TORONTO (Reuters) - Bombardier Inc said on Thursday it has reached a tentative agreement with 700 striking workers at a plant in Thunder Bay, Ontario, that is building new subway cars for Toronto.
Shop floor employees represented by the Canadian Auto Workers Local 1075 walked out on Tuesday afternoon after contract talks broke down over proposed pension cuts.
“We will go ahead and see what the membership says, but as far as there have been significant changes on it since the strike, and that’s why we have a tentative agreement,” Local 1075 President Dominic Pasqualino said in a telephone interview.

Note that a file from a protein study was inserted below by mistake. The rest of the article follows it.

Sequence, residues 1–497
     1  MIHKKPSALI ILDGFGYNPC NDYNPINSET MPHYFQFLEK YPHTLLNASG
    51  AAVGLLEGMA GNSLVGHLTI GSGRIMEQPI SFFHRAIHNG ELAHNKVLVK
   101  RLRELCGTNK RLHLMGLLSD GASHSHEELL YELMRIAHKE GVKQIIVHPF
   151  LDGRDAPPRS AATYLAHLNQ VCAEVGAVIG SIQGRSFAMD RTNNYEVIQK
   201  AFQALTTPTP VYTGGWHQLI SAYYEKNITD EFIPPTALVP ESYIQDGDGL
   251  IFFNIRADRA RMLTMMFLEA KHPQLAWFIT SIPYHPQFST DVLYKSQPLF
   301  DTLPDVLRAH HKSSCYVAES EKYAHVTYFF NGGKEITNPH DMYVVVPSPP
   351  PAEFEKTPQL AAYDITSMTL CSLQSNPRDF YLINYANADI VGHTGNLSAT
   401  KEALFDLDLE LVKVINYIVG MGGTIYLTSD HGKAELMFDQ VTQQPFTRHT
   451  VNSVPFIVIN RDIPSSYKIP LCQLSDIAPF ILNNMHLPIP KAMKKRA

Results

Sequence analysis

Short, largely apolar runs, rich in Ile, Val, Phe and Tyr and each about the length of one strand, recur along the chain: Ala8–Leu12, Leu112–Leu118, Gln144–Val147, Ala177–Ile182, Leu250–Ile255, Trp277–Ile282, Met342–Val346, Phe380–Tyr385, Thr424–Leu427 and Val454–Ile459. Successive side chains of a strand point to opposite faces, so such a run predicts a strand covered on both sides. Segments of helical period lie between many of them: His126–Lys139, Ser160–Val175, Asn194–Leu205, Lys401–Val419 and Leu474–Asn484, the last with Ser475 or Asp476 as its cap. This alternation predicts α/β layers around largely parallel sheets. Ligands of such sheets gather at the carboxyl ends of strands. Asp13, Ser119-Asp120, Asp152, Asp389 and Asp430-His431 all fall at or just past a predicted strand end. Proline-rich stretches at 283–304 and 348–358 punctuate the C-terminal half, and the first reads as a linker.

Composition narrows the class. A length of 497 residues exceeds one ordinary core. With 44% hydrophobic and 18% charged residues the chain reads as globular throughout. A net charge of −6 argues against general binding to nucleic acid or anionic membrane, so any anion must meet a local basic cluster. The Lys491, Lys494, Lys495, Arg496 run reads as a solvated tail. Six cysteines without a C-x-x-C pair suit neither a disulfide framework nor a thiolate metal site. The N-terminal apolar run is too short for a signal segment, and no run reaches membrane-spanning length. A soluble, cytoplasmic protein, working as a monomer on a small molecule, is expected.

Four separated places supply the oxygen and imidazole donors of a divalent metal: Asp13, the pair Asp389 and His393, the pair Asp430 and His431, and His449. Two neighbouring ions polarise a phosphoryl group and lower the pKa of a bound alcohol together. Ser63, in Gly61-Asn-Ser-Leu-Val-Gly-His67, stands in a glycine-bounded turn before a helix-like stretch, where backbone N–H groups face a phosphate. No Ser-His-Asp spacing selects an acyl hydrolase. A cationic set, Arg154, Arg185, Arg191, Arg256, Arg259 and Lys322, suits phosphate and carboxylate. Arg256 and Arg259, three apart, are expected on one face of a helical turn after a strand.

Pasqualino said members will vote on the agreement on Saturday. If they approve it, they will return to work Monday.
A Bombardier spokesman said the two sides were still discussing that point, and the company hopes work can resume as soon as possible.
The company’s operations in Thunder Bay, on the shore of Lake Superior in northwestern Ontario, produce bi-level rail cars, as well as streetcars and subway cars.
The plant is building new subway cars for Toronto’s transit system. The plant also manufactures the double-decker commuter trains used by Toronto region’s GO Transit. In March, Bombardier announced a C$125 million order for 50 rail cars for that system.
Reporting by Allison Martell